Railway photography is very varied, you have steam trains, both passenger and goods, and diesel historic and modern and electric trains. In addition you have narrow track railways, and tramways. Railways run through towns and cities, countryside, along coastlines and wind around some mountains. They cross roads, rivers and canals on a range of different bridges, and viaducts, and go through tunnels, and cuttings and on embankments. They run through woodland, moorland, and national parks, you have single track, and some with many tracks. There are sidings full of rolling stock, and a range of railway equipment and architecture as well as some special and unusual features to discover.
Some photographers specialise in one type of railway photography, and the majority of these are the steam railway enthusiasts. Many of these photographers are not keen on diesel engines, often referring to them as boxes on wheels or similar. However there are also those who find diesel engines of major interest and those who prefer trams or modern trains.
Most heritage railways, are run by or staffed by volunteer enthusiasts, and are delighted to see you showing an interest in their railway. I have never come across anyone who has been restricted in any way from taking photographs on the platforms, trains or trams that are run by heritage groups.
This is not always the case with modern day railways, where photography on platforms is often restricted and photography nearby may result in questions being asked as to what you are doing and why. The modern day railway has its own police force (the British Transport Police) and like all police forces tend to see danger or problems where none exists, so while a heritage railway sees a fellow enthusiast, and will even often help you to get a better photo, railway and other police may see a potential terrorist and want to restrict your activities, question or search you, and sees no reason why you should be left alone to carry on your legal activity. The modern railways also see filming and photography on stations as a source or revenue. If you want to photograph modern railways, then its best to do this as the trains travel from place to place, but away from stations and preferably away from locations where passing police cars and the like may spot you. There are no legal restrictions on photographing trains, or stations from a public right of way, but on railway property when not on public rights of way, there may be railway bylaws that restrict you. You are not allowed to go onto the modern railway other than at authorised points, unless there are special arrangements when a special train or show is being put on. You normally have no problem photographing from a train.
We have produced a listing of all the heritage railways, tramways and museums that have a direct relationship with this, we have not included modern railways. This listing is organised both alphabetically and we also have separate pages by county. These listings link to location guides where we have them and on the right of the list are links to other websites that contain information, including in most cases the railway or museums own website. Many of these also have special galas, or events, often bringing in more rolling stock and engines. These events give you a wider range of engines and other items to photograph but also may attract a very large number of photographers and visitors, many of which will get in your shot or way. You can find information on these events from our diary section, from the individual railways sites and from an enthusiasts site who lists these specifically.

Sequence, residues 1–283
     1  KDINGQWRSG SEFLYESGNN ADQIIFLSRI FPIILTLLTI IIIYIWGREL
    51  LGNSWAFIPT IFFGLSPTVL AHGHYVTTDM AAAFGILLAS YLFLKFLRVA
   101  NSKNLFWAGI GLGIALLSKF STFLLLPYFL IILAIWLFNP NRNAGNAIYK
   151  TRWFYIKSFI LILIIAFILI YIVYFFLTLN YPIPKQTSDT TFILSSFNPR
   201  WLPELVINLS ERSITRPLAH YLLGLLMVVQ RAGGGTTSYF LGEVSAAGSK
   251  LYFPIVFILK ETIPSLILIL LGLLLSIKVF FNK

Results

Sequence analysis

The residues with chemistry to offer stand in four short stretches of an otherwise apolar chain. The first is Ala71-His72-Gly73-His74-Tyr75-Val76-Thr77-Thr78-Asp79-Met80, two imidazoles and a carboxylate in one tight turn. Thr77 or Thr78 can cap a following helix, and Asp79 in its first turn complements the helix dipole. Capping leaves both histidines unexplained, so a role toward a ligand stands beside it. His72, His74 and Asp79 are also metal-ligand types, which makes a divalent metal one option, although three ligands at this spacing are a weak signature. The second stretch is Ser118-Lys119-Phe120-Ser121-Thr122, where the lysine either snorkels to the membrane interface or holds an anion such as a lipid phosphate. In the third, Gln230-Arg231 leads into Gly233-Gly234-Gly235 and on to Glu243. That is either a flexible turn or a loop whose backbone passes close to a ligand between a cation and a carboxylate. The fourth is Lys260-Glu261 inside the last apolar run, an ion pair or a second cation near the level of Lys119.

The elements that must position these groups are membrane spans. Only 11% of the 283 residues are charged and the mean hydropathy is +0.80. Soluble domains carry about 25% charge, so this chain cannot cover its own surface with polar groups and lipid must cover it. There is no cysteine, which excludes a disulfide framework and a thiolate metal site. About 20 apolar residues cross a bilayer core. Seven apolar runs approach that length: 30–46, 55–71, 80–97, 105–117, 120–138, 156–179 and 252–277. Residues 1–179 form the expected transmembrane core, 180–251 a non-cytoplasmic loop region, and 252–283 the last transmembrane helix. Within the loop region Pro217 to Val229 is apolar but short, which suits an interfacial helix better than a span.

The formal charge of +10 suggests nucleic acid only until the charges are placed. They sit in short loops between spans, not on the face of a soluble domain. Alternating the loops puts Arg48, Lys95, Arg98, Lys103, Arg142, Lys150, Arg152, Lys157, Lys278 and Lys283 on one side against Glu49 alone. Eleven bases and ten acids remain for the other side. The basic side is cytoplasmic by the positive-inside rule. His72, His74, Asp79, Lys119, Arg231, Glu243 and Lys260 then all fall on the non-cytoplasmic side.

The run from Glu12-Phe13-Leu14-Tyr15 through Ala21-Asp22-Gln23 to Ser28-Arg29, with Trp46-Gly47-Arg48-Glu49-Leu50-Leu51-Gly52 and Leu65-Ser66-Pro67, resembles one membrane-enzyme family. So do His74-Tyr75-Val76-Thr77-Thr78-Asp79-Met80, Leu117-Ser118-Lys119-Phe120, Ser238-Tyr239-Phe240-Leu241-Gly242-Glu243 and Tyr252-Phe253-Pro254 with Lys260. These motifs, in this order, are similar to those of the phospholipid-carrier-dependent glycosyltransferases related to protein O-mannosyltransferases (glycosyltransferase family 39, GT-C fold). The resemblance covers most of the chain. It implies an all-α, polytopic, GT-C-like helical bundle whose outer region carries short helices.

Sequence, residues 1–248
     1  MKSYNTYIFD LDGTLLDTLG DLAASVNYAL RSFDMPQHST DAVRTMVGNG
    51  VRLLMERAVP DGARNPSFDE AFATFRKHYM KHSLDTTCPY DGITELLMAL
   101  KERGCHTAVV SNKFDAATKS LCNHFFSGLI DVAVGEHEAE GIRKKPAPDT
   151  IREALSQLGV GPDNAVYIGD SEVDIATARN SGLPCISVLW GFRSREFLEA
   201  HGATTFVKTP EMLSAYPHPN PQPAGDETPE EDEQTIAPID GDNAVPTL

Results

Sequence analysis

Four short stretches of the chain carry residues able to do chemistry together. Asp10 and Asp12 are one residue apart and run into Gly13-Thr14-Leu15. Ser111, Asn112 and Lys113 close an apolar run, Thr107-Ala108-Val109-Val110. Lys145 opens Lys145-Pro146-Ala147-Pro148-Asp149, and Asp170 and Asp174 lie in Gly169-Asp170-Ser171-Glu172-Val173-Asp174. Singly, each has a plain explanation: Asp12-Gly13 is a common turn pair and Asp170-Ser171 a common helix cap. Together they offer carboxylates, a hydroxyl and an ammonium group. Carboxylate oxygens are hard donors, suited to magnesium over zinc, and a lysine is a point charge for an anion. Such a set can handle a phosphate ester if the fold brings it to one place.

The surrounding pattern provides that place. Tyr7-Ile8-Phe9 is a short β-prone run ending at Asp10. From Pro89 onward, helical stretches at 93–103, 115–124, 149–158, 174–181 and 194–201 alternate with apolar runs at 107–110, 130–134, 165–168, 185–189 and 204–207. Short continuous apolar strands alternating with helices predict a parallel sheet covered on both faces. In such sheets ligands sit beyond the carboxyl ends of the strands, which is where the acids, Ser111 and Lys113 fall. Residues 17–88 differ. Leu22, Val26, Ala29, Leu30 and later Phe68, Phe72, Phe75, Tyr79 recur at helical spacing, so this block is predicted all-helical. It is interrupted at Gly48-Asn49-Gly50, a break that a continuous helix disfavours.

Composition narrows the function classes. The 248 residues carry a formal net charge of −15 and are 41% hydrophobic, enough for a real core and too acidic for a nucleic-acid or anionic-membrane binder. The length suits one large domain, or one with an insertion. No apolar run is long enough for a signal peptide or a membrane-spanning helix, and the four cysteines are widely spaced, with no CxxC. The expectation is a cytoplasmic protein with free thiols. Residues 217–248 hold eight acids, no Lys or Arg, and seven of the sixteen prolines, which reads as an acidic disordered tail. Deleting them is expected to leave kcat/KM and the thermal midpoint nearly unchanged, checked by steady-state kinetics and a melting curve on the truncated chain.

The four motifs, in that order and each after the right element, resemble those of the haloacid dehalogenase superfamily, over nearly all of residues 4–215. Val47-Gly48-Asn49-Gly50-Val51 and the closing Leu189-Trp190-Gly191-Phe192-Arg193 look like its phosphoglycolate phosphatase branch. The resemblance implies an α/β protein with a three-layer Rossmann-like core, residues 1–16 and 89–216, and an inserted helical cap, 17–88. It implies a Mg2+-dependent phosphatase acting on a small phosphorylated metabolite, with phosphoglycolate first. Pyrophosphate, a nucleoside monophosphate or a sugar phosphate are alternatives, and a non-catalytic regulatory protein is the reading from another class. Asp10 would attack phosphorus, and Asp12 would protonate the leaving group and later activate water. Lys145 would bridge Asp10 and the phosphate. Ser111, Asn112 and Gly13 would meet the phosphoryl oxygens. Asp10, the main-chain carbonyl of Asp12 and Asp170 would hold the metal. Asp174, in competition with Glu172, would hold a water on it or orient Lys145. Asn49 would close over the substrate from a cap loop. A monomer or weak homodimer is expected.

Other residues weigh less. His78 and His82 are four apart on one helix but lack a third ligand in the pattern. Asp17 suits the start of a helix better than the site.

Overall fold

Preparation for railway photography
Before you visit a preservation railway or tramway, you need to check its opening times and what is running on particular dates, just because its a steam preservation railway does not mean it always runs steam engines, many also have heritage diesels and will use these some days. Most railways have published timetables on their websites, and from this you should be able to see both the number of trains running and the type on the days when you propose to visit. Steam trains are photographically more interesting when the front of the engine is pointing forward, rather than on return trips where the tender or rear of the train is seen. Most railways have some engines pointing in each direction, and where two trains pass you can see you could get a variety of situations. Its often difficult to work out which way engines are pointing, but some have an enthusiasts section on their website that tells you which engines are scheduled to run on set dates and often which way they are pointing. Take for example the Gloucestershire and Warwickshire Railway near to us, this has within its enthusiasts section a page labelled Loco roster . This tells the trains available and what they plan to run, but only sometimes the direction they are pointing.